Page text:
Hello and good morning,
I recently came upon your website and saw a question and answer section and wonder why more churches of Christ do not have this. I struggle with pride and sometimes do not wish to ask questions at church or there just does not seem to be an opportunity. As I digress, I have two questions, or maybe they are just problems, that I need reassurance and biblical relevancy to. I am an ever-failing Christian and have been brought up in the church of Christ. Although it was not a continual upbringing in the church, as I never lived in one place for more than two years growing up. I moved from my mom (who decided her life with her boyfriend was more important) to my grandparents (who my grandfather is a preacher for a church of Christ). I kind of feel like I missed a lot in regard to my Christian lessons. I have put on Christ in the watery act of baptism and am striving to sit down and learn what I need to live my life in accordance with the Word.
- My husband is an alcoholic, and I struggle to keep my positive attitude and be a good wife. He quit drinking after a life-altering attempt to end his life a few years ago. It got better and is much better today than it was before. Can you help me find strength in the Word for when he slips? My problem is I am a huge softy and always try to think of others, which normally ends up with people walking all over me. I also do not like confrontation. So then I start to wonder if I contribute to problems by not "putting my foot down," but aren't I supposed to be a good wife and be there for my husband? I am just unsure of how to be a good wife when it comes to this situation.
- My husband's family really doesn't like me. When my husband and I got together, it was not God's way but in a worldly way. My first daughter was an infant at our wedding. We were both baptized the day after our wedding. I felt like it was time to have that family that I always wanted and to start living the way God intended. During the time we dated I felt his family liked me. But remember I am that 'glass half full' type of gal and was star-struck by such a large family that I shrugged off many questionable comments. My main focus has always been my husband and our children. I always try to remember we all have bad days and every new day is a fresh start. This worked for many years, and then finally I guess it all just came together -- these people do not like me. I may be a bit slow here (haha). Anyway, I started to stick up for myself in a respectful way but realized it got me nowhere, except with more harsh comments. I got tired of being the emotional punching bag -- remember at this time I was living with a drinking alcoholic. I just wanted a family! After many years I gave up trying to start a new day with his family and started distancing myself. Some of the stuff was pretty hurtful, such as being told by my mother-in-law she would not be attending the wedding since she would try to talk my husband out of marrying me, that I am an unfit mother, some family members trying to convince my husband our first child is not his, getting banned from being around other family member's children if they were mad at me, being told constantly about a high school girlfriend, of how I was too skinny, too ditzy, too money-hungry (someone ran into my car and I had the audacity to ask them to fix it). The list goes on. So I just worked on my marriage and devoted my time to my husband and children, making sure my children had a good foundation in the Lord as they grew.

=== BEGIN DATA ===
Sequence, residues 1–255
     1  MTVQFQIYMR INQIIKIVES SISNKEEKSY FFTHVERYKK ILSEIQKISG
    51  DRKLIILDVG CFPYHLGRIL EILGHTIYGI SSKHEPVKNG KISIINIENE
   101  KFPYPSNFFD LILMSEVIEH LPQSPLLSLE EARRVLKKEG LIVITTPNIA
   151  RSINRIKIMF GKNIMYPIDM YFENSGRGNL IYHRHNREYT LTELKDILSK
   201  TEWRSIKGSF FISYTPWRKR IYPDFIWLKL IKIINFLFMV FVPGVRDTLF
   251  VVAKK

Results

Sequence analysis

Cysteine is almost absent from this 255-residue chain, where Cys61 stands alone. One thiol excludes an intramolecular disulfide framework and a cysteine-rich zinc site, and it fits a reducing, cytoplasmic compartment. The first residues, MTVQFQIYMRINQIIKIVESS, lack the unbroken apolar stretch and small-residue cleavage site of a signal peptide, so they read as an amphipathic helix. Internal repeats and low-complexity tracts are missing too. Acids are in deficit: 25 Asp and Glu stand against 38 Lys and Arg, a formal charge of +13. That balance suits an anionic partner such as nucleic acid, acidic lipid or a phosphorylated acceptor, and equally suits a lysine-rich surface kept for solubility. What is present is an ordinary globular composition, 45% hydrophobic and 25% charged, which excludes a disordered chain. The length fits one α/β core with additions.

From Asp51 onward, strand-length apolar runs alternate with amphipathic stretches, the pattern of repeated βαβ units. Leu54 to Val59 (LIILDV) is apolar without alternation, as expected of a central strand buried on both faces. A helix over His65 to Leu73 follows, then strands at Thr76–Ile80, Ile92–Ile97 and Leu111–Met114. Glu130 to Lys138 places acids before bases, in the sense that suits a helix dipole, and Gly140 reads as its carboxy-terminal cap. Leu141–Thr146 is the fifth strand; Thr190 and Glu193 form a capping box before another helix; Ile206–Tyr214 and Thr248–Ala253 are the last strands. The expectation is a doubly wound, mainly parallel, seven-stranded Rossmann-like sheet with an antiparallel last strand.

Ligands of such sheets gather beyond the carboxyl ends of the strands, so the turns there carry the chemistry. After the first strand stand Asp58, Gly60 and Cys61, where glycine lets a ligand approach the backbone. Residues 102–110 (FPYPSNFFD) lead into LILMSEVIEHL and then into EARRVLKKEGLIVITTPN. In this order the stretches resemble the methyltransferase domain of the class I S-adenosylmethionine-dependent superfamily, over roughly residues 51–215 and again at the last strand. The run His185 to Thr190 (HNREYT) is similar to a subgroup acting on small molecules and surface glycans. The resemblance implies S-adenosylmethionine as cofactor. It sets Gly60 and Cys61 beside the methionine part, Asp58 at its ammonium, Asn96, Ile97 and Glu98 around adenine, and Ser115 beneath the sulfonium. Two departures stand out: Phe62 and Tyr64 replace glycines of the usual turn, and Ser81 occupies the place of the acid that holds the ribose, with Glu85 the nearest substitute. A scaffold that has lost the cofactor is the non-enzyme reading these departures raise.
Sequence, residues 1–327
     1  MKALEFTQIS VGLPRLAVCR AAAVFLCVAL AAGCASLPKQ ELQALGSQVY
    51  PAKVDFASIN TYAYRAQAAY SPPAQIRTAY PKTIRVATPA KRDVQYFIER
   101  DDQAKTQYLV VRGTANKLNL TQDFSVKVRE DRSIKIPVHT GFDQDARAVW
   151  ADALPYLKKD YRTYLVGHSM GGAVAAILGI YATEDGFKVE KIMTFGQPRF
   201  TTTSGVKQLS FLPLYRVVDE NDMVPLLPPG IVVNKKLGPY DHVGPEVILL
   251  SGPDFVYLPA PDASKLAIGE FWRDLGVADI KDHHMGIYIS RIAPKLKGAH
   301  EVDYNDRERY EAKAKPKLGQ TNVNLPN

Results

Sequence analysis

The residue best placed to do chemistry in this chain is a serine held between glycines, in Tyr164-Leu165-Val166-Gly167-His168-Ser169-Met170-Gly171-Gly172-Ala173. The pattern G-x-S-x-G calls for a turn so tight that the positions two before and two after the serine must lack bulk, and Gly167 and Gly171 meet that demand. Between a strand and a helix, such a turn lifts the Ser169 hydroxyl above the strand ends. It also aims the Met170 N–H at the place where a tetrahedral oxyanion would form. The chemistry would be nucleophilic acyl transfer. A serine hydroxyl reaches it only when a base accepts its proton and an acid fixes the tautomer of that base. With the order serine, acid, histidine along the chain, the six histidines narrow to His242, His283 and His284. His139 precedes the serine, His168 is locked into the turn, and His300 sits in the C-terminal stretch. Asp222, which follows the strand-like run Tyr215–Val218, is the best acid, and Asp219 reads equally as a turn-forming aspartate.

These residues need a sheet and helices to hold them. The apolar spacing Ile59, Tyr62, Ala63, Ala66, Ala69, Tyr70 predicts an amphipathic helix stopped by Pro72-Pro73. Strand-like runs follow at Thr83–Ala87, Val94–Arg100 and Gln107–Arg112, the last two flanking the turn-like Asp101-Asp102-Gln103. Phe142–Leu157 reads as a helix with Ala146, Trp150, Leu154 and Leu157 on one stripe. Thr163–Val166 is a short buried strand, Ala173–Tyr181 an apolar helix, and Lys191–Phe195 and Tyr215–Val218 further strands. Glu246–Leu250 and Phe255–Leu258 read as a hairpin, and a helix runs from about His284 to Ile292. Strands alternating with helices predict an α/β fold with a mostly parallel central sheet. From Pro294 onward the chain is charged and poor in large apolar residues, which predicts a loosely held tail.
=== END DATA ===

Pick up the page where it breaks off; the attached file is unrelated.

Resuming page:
I realize I need to look toward the future and forgive and forget the past. We have moved across the country, but we still have to visit. This is my husband's family, but how am I supposed to implement forgetting when my feeling get hurt so easily, and I know I am so unwelcome and unwanted there? I know this is a lot to take in, but I hope you can help me find biblical answers to my problems. Have a great day!